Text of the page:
Data

Rick Kochhar: Data strategy and the search for the truth

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Rick Kochhar Former Chief Data Officer, TD Bank

Rick Kochhar is the former senior vice president and chief data officer for TD Bank Group. (Editor’s note: This piece focuses on his work as TD Bank Group’s CDO.) He’s responsible for integrating data across a bank that has rapidly grown by acquisition, and using that data to provide value for every aspect of the bank’s operations. He’s spent more than 25 years in strategic data roles in organizations such as Wachovia, Capital One, Eli Lilly and Hughes. Here, he shares his insights on the role of a chief data officer, and the approach he takes to executing data strategy.

It has been said that banks are in the data business. If that’s true, what is the role of the chief data officer at a major bank?

TD grew up, as many large banks did, with a lot of mergers and acquisitions. And we operate in a federated model. So the opportunity is not just growing the business within the verticals, but cross-pollinating between each of them, integrating both platforms and processes.

So the first thing we have to do is integrate our data as it pertains to our customers, risk management, regulatory filings…you name it. My role is to figure out how we put into place the foundational data processes and structure to enable that integration. And I am focused on creating environments and processes to use data as an asset.

But the CDO role itself doesn’t work with data directly. We provide policies, procedures and guidelines for the mechanics of using and sharing data better. We are executing strategically across the entire enterprise, every aspect of TD. And we apply this strategy to all aspects of the company equally. In this way, we are essentially data-flavor agnostic.

Your work touches every aspect of the bank’s business. Where does a function like that sit in an organization?

All organizations are trying to figure out where the CDO role should sit. At TD we embraced it as an enterprise-wide role that sits at the top of the house and works across the entire corporation. In many organizations, the role reports to the chief operating officer, but that construct is not part of our corporate structure. We didn’t feel it should report into the technology organization, because it’s business-focused and because my role does not involve the procurement of technology. So ultimately we decided I would report to the chief marketing officer, who has been a data champion for many years and is closely aligned with TD’s businesses.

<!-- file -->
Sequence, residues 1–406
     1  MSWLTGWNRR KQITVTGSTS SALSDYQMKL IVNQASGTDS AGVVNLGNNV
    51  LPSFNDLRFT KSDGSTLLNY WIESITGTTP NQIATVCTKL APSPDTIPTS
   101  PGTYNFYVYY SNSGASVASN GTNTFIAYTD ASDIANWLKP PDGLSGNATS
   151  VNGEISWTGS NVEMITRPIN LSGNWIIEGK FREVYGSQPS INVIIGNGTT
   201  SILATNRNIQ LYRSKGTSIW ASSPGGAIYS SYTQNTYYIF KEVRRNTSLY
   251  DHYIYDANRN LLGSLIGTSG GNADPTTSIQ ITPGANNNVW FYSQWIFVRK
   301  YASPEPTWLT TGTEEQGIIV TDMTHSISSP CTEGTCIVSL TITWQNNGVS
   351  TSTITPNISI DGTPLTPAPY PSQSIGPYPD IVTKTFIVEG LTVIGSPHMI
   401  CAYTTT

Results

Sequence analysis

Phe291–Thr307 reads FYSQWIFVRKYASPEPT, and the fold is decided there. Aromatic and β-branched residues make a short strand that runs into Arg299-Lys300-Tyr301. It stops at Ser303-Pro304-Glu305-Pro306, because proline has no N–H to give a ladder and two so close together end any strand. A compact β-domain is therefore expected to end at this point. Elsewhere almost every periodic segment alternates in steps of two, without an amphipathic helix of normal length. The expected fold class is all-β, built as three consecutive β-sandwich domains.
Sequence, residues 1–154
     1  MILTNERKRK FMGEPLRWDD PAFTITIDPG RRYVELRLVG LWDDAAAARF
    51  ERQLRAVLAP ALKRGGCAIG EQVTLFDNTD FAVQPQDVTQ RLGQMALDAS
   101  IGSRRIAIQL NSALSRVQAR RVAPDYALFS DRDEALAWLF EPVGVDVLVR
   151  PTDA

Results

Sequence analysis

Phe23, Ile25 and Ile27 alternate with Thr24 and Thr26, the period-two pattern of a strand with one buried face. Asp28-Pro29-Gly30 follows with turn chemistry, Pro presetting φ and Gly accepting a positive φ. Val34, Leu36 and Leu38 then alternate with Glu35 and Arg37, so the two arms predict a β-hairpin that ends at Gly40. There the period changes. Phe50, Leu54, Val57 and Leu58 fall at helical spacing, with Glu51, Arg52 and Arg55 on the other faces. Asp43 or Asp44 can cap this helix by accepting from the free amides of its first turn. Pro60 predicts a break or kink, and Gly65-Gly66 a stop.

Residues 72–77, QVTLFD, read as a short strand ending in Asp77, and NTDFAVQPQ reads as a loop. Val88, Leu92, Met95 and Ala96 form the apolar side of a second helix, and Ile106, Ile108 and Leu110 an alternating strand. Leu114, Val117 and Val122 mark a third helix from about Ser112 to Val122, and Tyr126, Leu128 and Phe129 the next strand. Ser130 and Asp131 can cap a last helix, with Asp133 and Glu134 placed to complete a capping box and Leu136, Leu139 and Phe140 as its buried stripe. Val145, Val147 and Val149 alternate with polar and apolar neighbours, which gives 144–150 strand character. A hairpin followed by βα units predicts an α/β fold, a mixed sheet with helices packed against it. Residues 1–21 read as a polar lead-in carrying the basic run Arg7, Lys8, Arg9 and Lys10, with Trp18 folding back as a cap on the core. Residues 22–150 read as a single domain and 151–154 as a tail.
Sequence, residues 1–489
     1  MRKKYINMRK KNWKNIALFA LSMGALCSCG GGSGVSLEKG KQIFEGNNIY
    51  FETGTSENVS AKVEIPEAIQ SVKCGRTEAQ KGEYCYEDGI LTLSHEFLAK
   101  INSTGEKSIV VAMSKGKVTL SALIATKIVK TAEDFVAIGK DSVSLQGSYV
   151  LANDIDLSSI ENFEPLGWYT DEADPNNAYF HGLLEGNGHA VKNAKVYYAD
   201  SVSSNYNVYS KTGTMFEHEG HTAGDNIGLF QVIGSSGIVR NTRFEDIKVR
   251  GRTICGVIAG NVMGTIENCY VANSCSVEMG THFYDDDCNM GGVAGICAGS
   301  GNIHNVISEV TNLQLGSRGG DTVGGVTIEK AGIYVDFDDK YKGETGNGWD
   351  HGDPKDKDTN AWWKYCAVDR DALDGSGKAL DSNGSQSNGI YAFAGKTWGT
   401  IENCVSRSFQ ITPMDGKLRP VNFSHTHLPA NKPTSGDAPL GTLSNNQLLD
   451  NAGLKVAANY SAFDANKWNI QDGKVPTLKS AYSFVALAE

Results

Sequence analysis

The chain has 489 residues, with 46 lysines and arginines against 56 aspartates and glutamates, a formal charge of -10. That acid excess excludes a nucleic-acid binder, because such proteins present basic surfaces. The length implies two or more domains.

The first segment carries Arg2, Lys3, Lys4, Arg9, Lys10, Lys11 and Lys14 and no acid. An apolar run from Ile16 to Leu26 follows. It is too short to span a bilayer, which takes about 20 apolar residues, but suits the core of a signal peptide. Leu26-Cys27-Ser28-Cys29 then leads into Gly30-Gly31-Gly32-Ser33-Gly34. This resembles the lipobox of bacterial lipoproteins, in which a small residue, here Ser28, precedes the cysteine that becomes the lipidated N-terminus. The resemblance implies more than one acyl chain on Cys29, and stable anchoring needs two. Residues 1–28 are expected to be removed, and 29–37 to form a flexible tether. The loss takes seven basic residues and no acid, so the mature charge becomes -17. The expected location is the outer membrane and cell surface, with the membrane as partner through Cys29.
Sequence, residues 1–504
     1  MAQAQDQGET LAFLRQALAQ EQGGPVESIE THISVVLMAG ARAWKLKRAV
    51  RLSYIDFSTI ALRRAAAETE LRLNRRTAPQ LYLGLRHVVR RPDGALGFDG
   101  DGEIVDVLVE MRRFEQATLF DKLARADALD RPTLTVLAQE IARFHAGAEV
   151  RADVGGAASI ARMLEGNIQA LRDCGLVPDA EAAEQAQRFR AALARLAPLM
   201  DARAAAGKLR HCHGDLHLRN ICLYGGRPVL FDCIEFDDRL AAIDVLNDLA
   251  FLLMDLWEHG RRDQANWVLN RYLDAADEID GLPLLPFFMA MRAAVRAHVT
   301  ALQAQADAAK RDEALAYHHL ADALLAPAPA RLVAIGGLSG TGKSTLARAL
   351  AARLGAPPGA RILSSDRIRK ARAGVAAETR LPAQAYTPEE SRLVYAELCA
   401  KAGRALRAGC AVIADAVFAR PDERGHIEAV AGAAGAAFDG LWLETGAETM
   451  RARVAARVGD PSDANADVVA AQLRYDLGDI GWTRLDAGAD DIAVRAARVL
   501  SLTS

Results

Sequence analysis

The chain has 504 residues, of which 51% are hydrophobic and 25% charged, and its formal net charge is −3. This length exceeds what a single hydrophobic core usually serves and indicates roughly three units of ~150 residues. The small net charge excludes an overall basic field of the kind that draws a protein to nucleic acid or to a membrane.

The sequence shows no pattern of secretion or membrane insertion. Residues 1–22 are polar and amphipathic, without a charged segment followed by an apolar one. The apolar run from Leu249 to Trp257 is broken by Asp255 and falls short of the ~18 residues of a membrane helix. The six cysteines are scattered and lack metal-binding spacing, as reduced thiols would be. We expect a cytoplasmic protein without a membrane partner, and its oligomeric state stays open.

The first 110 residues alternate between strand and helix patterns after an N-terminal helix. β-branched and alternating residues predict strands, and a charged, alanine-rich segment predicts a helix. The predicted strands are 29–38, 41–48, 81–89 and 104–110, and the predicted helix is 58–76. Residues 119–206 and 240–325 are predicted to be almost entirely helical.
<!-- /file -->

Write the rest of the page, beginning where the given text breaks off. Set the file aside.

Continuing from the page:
But it’s misleading, because we do not operate through a marketing lens. We work closely with marketing, but just as closely with the heads of insurance, auto finance, wealth management and so on. We’re deploying data governance across all of TD. So I interact with every team every day. Our function is highly strategic.

Without giving anything away to the competition, what is your data strategy?

We no longer look at an enterprise data strategy as a potential competitive advantage; we look at it as marketplace survival. The competitive marketplace requires more efficient and effective use of data. So we don’t want just a 360-degree view of the customer anymore. We want to think multi-dimensionally. We want 360 degrees in three dimensions, so that we know our customers and they know everything about TD. We want it to be bi-directional.

So the elements of a strategy like that are three-fold: First, you put in solid foundational functions – data governance and data quality. Then we layer initiatives that build the nuts and bolts like metadata, master data, and managing data models. We finally add operational elements, which include the effective use of business intelligence and analytics. And then we start applying that intelligence to create value. So it’s a layered process: foundation, operation and value creation.

What kind of value does data bring to your company?

There are so many different kinds of value that quality integrated data can deliver. I’ll give you one example. TD Canada Trust has received the JD Power Award and Ipsos Reid Best Banking award for Customer Service Excellence for nine and 10 years running, respectively. It is part of the identity and DNA of the bank, and it adds value to the bank. Getting our data right enables and expands that level of customer service. And good customer service increases brand value.


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